The Rainer Maria Rilke Archive

A Collection of Poetry, Quotations, & Writings

Fourth Duino Elegy

O Trees of Life,
when does your winter fall?
Strangers to instinct,
we lack the focus and
the harmony which guide
the southbound birds.
Overtaken and tardy, we
thrust ourselves upon the wind;
fall out of the sky
into icily indifferent ponds.
We wither as we blossom,
knowing both states at once.
Somewhere lions roam,
knowing nothing of weakness
in the hour of their majesty.

But we cannot focus on
a single object without
worrying about another.
Conflict is our essence.
Aren’t lovers always
crowding one another,
despite mutual longing
for wide open spaces,
homestead and plentiful hunting?
As when a canvas is carefully
stretched and primed to receive
a spontaneous sketch,
the better to offset it,
we do not observe the
background of emotion,
only what is splashed upon it.
Who has not sat frightened
before the heart’s curtain,
watching it rise upon
a scene of farewell?
So well understood:
the familiar garden,
lightly swaying.
Then came the dancer.
No! Not that one!
No matter how lightly he flies,
he is only a costumed actor,
an ordinary man who takes his bow
then hurries homeward, entering
through the kitchen door.
I will no longer endure
these half filled masks!
Better the completeness
of an honest puppet.
No matter the stuffing and
the wire frame; the painted
face of pure appearance.
Here I stay!
Though they cut the lights and
declare there is no more…
though a grey mist of emptiness
curls from the stage…
though my silent ancestors
no longer sit beside me
-neither that woman nor the
boy with the squint brown eye-
here I stay!
I still may watch.

Am I not right to do so, Father?
You I ask, whose cup of life
seemed bitter after tasting mine, so
vital with the bouquet of youthful promise
but bearing a troubling aftertaste.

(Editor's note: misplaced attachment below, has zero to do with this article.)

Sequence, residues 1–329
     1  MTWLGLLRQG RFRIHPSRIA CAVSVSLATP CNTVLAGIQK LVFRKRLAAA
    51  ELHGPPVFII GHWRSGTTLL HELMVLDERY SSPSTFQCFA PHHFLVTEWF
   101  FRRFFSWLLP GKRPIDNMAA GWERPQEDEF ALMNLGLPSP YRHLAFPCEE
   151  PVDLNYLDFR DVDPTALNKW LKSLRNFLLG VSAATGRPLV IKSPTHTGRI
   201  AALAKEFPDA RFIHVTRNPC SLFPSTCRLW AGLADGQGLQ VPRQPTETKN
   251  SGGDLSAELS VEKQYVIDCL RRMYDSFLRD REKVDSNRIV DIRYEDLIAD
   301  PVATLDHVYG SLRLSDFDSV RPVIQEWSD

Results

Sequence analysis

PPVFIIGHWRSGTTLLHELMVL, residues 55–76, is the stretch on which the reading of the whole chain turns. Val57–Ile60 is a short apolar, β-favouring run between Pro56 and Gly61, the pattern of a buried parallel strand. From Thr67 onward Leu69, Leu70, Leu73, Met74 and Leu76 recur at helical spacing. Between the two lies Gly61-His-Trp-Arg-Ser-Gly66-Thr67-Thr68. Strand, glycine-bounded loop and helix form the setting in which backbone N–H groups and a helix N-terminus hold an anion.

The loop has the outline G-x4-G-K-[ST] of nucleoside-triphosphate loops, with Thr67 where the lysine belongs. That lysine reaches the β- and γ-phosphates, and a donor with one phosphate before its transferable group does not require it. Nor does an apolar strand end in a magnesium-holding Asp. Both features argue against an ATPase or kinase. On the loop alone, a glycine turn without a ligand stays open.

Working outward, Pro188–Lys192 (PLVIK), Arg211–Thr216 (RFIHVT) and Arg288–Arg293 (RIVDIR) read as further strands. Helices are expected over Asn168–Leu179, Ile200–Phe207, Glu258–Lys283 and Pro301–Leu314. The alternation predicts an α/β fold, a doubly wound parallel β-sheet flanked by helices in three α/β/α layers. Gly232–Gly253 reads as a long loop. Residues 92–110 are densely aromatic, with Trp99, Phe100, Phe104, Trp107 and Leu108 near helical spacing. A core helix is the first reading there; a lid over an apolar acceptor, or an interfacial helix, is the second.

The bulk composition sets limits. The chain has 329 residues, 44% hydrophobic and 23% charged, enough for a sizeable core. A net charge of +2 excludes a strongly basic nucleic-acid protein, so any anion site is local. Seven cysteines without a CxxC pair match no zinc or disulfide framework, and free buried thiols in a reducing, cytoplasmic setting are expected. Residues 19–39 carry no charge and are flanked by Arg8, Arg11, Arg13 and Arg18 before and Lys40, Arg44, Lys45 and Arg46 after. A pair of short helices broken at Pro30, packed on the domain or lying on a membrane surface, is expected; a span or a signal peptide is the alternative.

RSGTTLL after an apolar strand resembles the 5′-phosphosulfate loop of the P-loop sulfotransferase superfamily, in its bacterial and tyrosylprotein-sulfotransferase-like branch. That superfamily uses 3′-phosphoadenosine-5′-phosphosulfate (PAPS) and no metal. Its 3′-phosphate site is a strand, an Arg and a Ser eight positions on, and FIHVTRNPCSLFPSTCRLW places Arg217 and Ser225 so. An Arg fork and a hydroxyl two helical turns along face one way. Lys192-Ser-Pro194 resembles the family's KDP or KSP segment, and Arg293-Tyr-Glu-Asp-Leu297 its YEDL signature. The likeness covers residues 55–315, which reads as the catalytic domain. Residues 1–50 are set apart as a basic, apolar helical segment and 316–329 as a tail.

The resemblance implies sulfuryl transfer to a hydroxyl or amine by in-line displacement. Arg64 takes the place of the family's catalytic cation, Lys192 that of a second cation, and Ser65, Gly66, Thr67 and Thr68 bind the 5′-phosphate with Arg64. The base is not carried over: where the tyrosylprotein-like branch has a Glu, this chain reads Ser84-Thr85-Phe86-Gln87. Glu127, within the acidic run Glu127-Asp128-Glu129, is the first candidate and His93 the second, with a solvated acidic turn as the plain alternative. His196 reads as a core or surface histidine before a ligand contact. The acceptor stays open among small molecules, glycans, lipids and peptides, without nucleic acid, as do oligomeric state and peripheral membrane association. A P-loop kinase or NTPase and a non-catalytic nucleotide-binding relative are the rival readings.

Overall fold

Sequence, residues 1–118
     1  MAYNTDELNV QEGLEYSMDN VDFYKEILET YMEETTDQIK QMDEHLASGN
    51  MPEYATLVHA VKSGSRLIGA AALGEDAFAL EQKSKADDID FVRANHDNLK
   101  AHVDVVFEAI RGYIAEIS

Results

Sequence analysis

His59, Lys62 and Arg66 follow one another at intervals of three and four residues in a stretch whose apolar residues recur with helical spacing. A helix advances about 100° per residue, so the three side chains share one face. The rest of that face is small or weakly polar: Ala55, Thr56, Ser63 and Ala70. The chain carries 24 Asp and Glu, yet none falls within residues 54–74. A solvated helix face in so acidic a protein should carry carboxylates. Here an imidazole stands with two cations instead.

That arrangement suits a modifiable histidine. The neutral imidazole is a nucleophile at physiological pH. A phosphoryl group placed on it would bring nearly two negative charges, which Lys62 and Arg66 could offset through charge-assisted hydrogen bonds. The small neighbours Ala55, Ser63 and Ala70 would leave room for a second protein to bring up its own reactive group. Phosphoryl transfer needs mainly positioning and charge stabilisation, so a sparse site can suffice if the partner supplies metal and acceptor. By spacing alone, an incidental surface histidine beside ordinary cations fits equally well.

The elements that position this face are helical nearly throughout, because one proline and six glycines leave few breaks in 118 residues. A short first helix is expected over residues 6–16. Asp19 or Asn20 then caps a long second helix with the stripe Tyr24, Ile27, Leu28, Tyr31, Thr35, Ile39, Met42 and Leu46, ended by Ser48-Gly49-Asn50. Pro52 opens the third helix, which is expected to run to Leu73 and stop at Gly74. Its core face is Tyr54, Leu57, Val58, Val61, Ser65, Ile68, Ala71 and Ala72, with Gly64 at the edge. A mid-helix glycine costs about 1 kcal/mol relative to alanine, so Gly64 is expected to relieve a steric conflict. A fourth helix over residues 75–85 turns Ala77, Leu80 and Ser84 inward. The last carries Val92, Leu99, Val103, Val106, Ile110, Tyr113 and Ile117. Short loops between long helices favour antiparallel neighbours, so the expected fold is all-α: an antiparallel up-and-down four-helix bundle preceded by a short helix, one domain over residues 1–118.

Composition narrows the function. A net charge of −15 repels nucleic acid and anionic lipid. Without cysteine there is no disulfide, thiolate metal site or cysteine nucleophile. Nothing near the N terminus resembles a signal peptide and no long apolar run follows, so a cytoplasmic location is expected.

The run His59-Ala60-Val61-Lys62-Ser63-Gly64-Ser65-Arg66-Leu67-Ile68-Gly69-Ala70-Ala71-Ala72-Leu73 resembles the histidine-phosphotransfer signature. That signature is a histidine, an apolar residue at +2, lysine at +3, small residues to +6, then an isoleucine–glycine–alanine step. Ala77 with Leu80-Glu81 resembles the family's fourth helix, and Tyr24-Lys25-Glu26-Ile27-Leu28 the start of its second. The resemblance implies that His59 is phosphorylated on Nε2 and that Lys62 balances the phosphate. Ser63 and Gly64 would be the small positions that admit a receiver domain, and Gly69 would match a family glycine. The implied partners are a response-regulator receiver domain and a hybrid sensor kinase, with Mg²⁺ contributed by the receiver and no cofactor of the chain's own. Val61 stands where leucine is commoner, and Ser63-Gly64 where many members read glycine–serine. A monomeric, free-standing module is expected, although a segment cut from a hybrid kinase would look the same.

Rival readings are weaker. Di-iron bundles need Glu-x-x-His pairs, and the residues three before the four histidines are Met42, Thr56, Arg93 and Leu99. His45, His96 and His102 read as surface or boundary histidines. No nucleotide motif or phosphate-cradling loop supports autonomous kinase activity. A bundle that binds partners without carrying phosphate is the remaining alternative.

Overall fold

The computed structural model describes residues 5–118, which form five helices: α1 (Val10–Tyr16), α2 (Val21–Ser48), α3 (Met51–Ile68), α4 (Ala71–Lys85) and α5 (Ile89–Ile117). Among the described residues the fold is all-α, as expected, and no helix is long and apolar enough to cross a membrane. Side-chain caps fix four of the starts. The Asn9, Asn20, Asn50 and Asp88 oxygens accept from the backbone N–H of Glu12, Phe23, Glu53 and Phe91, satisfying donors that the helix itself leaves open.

You often searched the depths
of my unfocused eyes for
signs of my uncanny future.
Am I not right, O Father,
who, so oft since dying,
hath roused thyself from
vast eternal peace to shudder
at my crumb of fate?
I pray it may be so.
Am I not right?
And you, dear ones, who
loved the first stirrings
of my love inside yourselves:
am I not correct?
You, beloved ones, whose faces
faded in my very gaze
to distances in which
I never existed,
am I not right to sit here,
staring at the puppet stage,
if only to gaze so steadily
that an angel must arise,
obedient to balance,
to startle the stuffed skins
into living action.
Angel with marionettes!
Actual theatre at last!
What our presence has divided
now is in our presence joined.
Only now do the interstellar seasons
correspond to the seasons of the soul.
Above and beyond an angel frolics.
Do only the dying notice how vapid
and pretentious are all of our
accomplishments here, where
nothing is allowed to be
as it is meant to be?
O childhood hours, the shadows of
whose shapes were not yet mere
repetitions of shades past-
when that which gleamed ahead
was not yet the future.
Growing, we often wished we were
already grown, half to please those
for whom nothing but their own
maturity remained.
Yet, when alone, we played
with eternal toys and stood
enchanted in the breach between
our playthings and the world:
a place primordially prepared
for an immaculate advent.

Who can show a child as he really is;
set him starlike in his proper firmament
and place the rod of distant measure
in his hand?
Who bakes the gray bread of his death
and leaves it hardening, sharp as a
sweet apple’s inedible core,
in his rounded mouth?…..Murderers
are easy enough to understand.
But to hold death,
the whole of death,
even before life is fairly begun-
to contain it gently
and without complaint-
that defies understanding.

. . . Rainer Maria Rilke
Translated by Robert Hunter

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